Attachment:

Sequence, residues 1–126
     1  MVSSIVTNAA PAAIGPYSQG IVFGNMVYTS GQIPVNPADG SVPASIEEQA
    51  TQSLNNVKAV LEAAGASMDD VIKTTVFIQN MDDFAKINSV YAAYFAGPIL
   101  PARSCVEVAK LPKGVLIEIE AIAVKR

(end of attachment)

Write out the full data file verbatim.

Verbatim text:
Sequence, residues 1–126
     1  MVSSIVTNAA PAAIGPYSQG IVFGNMVYTS GQIPVNPADG SVPASIEEQA
    51  TQSLNNVKAV LEAAGASMDD VIKTTVFIQN MDDFAKINSV YAAYFAGPIL
   101  PARSCVEVAK LPKGVLIEIE AIAVKR